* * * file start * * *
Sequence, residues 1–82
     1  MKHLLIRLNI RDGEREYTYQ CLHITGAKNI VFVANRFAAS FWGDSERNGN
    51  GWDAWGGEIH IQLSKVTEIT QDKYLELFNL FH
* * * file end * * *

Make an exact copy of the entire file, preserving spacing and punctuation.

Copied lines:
Sequence, residues 1–82
     1  MKHLLIRLNI RDGEREYTYQ CLHITGAKNI VFVANRFAAS FWGDSERNGN
    51  GWDAWGGEIH IQLSKVTEIT QDKYLELFNL FH